Tuesday, 6 December 2016

Basaltic Andesite -Worked Whinstone


 I recently excavated this piece of whinstone from the Stainsby deposits along with more animal bones , the piece has clearly been smoothed around its sides , ie you do not find rounded smooth whinstone in this type of deposit !

Sunday, 27 November 2016

Bos Longifrons Skull and Mandible

I've been very busy lately , but managed to visit the Stainsby deposits after recent flooding , I found these from what ime certain is the same Bos longifrons recently washed from the grey clay deposits, and a direct descendent to the huge Aurochs .    I have excavated many of these skulls all in excellent condition !

Tuesday, 12 April 2016

Ninth Legion's defeat in ancient Cleveland ?

                        THE NINTH LEGION 'S REAL DEFEAT !

Why would the GREAT ninth Legion march past an unconquered part of Britain less than 50 miles to the north of there base at York  ie THE BRIGANTES  ! in the never conquered Tees basin or Cleveland hills !? to fight scots behind a well defended wall ! ?  I REPEAT THIS AREA OF ENGLAND WAS NEVER OCUPIED  BY ROME !!!!!     

There can be no other explanation other than a roman defeat, that stopped them utilising the Eston hills and Tees inlet as a Roman strong hold ! There is no evidence of Rome gaining any type of a hold on the area we now know as Cleveland  , to any military strategist this would point to only one thing a fear by the Romans to attempt to attack the area !

I have found no evidence of actual Roman occupation in the ancient area of Cleveland, there have been a few isolated villas found but these were of so called Romano British origin, again no evidence of any Roman occupation, ie the skills to build these villas would be readily available at the time of the partial occupation of Britain. everything in this area regarding the Romans points towards a Roman defeat or reluctance to tackle the occupiers in direct confrontation .

                                             The boundary as I see it , i.e. the Romans appear 
                                              to have stopped here ! with this view of ancient
                                              Cleveland in front of them !   


The only reference I can find of Roman activity on the banks of the river Tees is at 

Piercebridge Roman Fort - Wikipedia, the free encyclopedia This  location is to the west of Cleveland , again to me this points to the Romans avoiding the area we now know as Cleveland , also there is no references I can find of Roman writings about the area .

 These three maps seem again to point to an avoidance of what would be a very important strategic location to any army

Click images to enlarge
 Note the total lack of Roman road building and activity in Ancient Cleveland ?
Middlesbrough on the map below is now the centre of the area I talk refer to.Middesbrough is the modern City now in the centre of the area I refer to.

 For those unfamiliar with Cleveland, the large conurbation of Teesside with Middlesbrough as its centre now covers a lot of the area . 

The area of what is now ancient Cleveland, is said to have been part of the Roman stated  Brigantes ruled area of northern Britain , yet I've never came across any evidence for this , the closest known  Roman reference is a Brigantes fort at  Stanwick St John close to what is now Darlington so given the total lack of Roman place names, settlements , military posts,  in what is now Cleveland, I believe they never had any influence on the occupiers of this area throughout the Roman occupation of other areas of North east England and as all historians know of the Brigantes was written by Romans , I find it hard to believe an area like Cleveland would have just been overlooked and left with no Roman reference I can find !  so this leads me to believe they did not want a record of the area or what might of occurred there !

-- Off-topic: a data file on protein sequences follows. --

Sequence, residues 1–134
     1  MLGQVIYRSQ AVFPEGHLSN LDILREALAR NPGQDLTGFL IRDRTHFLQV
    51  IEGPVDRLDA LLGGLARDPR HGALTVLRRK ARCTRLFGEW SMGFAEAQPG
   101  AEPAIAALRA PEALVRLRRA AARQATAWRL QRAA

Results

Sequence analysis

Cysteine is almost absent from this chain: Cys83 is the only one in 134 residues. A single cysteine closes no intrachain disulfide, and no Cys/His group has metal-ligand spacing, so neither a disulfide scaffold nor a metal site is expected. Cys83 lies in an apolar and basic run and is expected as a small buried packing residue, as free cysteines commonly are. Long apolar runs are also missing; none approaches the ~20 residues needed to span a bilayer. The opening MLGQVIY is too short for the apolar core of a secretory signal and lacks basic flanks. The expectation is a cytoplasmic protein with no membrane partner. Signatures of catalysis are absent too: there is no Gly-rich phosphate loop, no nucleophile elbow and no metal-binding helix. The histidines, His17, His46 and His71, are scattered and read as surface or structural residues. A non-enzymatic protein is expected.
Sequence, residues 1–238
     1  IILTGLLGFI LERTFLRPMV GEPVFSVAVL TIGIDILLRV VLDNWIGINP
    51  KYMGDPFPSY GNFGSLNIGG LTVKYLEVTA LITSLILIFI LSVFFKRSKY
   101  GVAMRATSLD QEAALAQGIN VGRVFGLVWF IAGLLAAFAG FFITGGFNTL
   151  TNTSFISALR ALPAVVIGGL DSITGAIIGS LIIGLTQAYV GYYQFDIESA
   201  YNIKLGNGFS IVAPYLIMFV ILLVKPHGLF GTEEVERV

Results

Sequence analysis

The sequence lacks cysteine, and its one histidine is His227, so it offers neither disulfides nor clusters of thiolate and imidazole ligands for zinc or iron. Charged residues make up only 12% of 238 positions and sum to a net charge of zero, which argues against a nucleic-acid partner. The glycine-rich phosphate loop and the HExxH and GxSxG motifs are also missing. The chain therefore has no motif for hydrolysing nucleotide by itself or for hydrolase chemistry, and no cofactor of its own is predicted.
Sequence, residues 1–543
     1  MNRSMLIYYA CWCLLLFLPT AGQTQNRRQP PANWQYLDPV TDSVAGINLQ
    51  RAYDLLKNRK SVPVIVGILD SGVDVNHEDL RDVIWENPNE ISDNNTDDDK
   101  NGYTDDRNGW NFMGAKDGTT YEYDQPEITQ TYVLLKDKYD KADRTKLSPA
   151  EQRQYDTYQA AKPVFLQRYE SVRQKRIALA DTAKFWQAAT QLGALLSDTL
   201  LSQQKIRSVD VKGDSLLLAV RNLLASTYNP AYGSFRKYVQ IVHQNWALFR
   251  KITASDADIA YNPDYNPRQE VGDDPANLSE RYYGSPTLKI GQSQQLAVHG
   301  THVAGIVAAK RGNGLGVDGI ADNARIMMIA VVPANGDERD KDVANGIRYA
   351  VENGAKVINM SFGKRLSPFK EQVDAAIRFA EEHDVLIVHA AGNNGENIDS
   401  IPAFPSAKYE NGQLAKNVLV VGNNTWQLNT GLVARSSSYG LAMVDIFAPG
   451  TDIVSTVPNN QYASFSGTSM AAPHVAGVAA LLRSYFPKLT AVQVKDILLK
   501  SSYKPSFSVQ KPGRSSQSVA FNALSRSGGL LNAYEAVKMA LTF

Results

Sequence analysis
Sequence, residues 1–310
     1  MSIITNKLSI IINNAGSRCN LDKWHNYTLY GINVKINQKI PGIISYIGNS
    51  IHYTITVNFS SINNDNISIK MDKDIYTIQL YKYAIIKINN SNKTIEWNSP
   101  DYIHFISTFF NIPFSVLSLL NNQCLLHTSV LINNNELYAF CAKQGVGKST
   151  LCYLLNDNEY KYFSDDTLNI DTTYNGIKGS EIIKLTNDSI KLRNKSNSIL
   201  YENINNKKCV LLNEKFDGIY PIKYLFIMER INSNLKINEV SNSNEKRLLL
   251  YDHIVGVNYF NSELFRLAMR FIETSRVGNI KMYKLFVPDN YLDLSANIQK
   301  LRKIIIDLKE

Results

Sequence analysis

A rising of the Brigantes has often been posited as the explanation for the disappearance of the Ninth Legion, stationed at York  is it just coincidence that York lays just to the south of the Cleveland hills, and Tees basin, that was never conquered or wrote about by Rome ! ?

. According to the eminent 19th-century German classicist Theodor Mommsen, "under Hadrian there was a terrible catastrophe here, apparently an attack on the fortress of Eboracum [York] and the annihilation of the legion stationed there, the very same Ninth that had fought so unluckily in the Boudican revolt."[11] He suggested that a revolt of the Brigantes soon after 108 was the most likely explanation.
  The above all supports my theory that Rome never conquered the area we now know as Cleveland , and in all probability the area was a Briton strong hold !

Tuesday, 19 January 2016

Cleveland North East England's real superficial Geology

The Geological survey still amazingly have the area I have investigated with little help for nine years recorded as the boulder clay , recorded by a man who never actually excavated a square foot of the area In question . I have recorded in this very blog that Agar was wrong, and the south west area of Cleveland has no surface deposits that relate to boulder clay or direct glacial activity.

In fact all of the excavated evidence points towards an area covered by alluvium and related gravel bed and clay and silt deposits containing well preserved fossils and sub fossils both animal and human , I have gone into some detail in previous posts trying to explain my theories regarding what could have caused the true geology of the south west area of Cleveland , as well as reporting to the relevant local professional groups .

Yet students are still told to work on incorrect information regarding the Geology of this area !